Once you decide to start saving food scraps for composting, you'll need to figure out a system to transport them from your kitchen to your outdoor bin. Unless you don't mind running out to the compost pile every time you peel a banana or make a cup of tea, you'll need to find a vessel to store those scraps. Here are a few ideas.
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If you need to store your kitchen scraps on a countertop, the aesthetics of your container is something to consider. If you want something more attractive than a plastic bucket, compost crocks may be the perfect solution for you. They're generally made of stainless steel or ceramic and are unobtrusive on a countertop or island. More importantly, crocks usually come equipped with charcoal filters to prevent the crock's contents from smelling up your kitchen. Crocks are not necessarily cheap—most models cost between $20 and $60.
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Compost Pail or Bucket
Compost pails are a good solution for those gardeners who have an area in a cabinet or pantry in which to store their kitchen scraps. Pails are a bit larger than crocks and are usually made of steel or plastic. The plastic options are, obviously, less expensive than the metal ones. Some of the metal pails incorporate filters similar to those used by compost crocks. The plastic ones prevent odors from pervading your home via air-tight lids. Prices for pails run between $10 and $50.
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If you don't produce a ton of kitchen waste during the day, a simple plastic or steel coffee can will work for you just fine. Be sure to save the lid, and you have a convenient kitchen scrap containment system. Coffee cans can be stored in a cabinet or the refrigerator. Storing the container in the fridge will help keep odors under control, especially if you make a point of emptying and rinsing it every day.
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Reused Plastic Bucket from Detergent or Paint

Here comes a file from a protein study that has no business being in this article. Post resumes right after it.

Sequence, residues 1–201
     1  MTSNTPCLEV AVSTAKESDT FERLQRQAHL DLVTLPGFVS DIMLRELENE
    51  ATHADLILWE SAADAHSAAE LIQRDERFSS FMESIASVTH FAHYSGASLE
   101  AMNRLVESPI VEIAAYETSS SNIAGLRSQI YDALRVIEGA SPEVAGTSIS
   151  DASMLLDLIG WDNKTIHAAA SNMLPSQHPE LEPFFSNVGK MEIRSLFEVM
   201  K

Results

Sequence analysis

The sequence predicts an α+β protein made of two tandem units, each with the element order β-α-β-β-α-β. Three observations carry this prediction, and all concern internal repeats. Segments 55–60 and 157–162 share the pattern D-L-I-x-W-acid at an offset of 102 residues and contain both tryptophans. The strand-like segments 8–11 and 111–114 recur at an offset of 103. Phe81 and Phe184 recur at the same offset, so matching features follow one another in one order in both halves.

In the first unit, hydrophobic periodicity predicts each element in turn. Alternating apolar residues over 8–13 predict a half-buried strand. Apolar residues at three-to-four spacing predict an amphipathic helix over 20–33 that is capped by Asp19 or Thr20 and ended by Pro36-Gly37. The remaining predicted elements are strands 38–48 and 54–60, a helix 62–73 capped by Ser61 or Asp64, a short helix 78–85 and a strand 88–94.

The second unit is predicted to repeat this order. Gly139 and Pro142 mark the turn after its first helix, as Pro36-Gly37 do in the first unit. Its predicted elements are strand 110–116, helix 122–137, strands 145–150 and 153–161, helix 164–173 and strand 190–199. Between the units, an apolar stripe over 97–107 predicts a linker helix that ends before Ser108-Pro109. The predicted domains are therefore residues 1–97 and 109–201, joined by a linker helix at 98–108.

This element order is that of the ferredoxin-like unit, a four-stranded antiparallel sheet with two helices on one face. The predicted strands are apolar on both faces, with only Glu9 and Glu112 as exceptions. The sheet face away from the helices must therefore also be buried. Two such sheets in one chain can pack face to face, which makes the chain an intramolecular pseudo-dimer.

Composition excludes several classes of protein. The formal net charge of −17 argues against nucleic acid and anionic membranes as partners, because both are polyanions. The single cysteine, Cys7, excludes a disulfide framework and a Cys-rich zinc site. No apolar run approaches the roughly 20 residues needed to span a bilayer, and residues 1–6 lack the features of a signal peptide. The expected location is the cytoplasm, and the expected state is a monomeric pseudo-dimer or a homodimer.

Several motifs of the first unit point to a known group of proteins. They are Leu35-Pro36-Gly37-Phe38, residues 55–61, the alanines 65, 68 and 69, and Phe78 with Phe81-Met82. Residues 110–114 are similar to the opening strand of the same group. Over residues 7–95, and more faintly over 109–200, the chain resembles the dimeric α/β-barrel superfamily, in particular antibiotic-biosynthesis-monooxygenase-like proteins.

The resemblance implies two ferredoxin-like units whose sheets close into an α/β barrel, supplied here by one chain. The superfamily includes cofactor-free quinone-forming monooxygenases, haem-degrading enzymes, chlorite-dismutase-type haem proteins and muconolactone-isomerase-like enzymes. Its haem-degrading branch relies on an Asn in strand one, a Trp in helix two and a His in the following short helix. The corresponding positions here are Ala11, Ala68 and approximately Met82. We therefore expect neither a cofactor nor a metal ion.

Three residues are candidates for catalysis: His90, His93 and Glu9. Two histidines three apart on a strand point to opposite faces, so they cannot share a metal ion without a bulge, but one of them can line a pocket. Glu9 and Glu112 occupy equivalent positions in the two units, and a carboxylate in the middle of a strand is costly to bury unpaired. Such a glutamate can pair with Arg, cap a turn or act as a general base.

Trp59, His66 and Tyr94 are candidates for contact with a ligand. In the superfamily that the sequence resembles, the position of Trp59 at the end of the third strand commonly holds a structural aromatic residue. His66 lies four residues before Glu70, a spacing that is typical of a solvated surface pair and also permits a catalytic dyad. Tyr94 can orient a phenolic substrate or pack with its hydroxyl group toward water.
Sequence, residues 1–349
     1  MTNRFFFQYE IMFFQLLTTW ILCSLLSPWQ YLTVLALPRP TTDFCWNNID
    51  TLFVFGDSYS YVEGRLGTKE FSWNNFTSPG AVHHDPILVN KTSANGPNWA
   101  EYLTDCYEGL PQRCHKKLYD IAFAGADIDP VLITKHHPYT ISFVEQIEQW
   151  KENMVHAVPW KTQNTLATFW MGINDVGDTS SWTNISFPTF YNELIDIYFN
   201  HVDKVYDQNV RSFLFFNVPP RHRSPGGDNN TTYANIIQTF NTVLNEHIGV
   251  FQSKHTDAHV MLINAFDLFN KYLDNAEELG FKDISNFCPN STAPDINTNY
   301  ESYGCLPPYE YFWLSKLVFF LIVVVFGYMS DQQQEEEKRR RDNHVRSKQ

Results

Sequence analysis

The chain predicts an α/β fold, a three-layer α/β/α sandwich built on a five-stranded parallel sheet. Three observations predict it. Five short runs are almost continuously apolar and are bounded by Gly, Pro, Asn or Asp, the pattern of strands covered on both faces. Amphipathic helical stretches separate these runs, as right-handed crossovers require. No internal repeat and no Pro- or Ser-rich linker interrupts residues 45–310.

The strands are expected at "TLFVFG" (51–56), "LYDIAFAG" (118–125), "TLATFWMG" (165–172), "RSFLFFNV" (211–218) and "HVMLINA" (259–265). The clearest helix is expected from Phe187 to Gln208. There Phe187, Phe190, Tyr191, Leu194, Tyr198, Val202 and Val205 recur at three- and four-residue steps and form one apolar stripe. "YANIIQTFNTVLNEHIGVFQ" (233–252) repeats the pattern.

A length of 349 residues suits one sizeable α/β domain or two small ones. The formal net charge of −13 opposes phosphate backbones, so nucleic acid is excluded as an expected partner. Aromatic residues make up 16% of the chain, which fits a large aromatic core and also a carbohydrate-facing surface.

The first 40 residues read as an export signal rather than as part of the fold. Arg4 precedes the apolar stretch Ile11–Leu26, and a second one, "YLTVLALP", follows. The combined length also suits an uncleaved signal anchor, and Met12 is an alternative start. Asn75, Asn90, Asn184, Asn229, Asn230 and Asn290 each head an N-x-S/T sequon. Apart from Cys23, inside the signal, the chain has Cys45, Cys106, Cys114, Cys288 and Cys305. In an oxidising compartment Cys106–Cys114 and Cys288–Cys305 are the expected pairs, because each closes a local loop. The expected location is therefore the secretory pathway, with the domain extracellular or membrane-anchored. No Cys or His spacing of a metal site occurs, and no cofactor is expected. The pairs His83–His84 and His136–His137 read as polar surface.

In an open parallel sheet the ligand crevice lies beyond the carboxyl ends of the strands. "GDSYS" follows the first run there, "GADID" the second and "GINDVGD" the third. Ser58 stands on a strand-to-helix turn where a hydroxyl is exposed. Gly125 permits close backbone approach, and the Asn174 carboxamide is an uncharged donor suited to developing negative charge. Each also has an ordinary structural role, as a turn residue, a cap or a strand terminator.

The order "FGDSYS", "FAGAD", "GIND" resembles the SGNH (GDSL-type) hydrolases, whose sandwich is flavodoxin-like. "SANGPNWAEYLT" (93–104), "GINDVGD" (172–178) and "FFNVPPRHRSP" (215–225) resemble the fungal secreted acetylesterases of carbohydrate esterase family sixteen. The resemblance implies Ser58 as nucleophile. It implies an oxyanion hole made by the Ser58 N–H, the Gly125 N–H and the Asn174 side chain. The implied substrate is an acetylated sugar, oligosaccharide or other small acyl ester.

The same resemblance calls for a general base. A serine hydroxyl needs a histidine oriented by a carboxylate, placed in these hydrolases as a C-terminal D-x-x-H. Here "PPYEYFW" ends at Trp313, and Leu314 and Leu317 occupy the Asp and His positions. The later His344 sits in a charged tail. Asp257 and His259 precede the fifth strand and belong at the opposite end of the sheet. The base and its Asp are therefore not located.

If you buy laundry detergent in large bulk-sized buckets or have a five-gallon bucket left over from your last painting project, you have a perfect receptacle for your kitchen scraps. Wash the containers out, save the lids, and start adding your kitchen scraps. Because these containers are so large, you may be able to go a couple of days before you have to empty it into the compost. The only problem with this is that odors can build up in the bucket. If you have some Bokashi mix on hand, you can sprinkle some on top of the pile every time you add scraps to help control the smell.Continue to 5 of 5 below.
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You can store kitchen scraps in plastic bags in your refrigerator and then empty them out into your compost pile or worm bin at the end of the day. Alternately, if you're storing up kitchen waste to start composting in the spring, you can freeze it in a plastic bag and empty the contents when you are ready to build your pile. The nice thing about this is that not only are there no odors, but the kitchen waste breaks down faster in the compost pile after having gone through the freezing and thawing process.
Finding a collection container that works for you may take some experimenting, but once you decide on a system, you'll be well on your way to creating compost for your garden.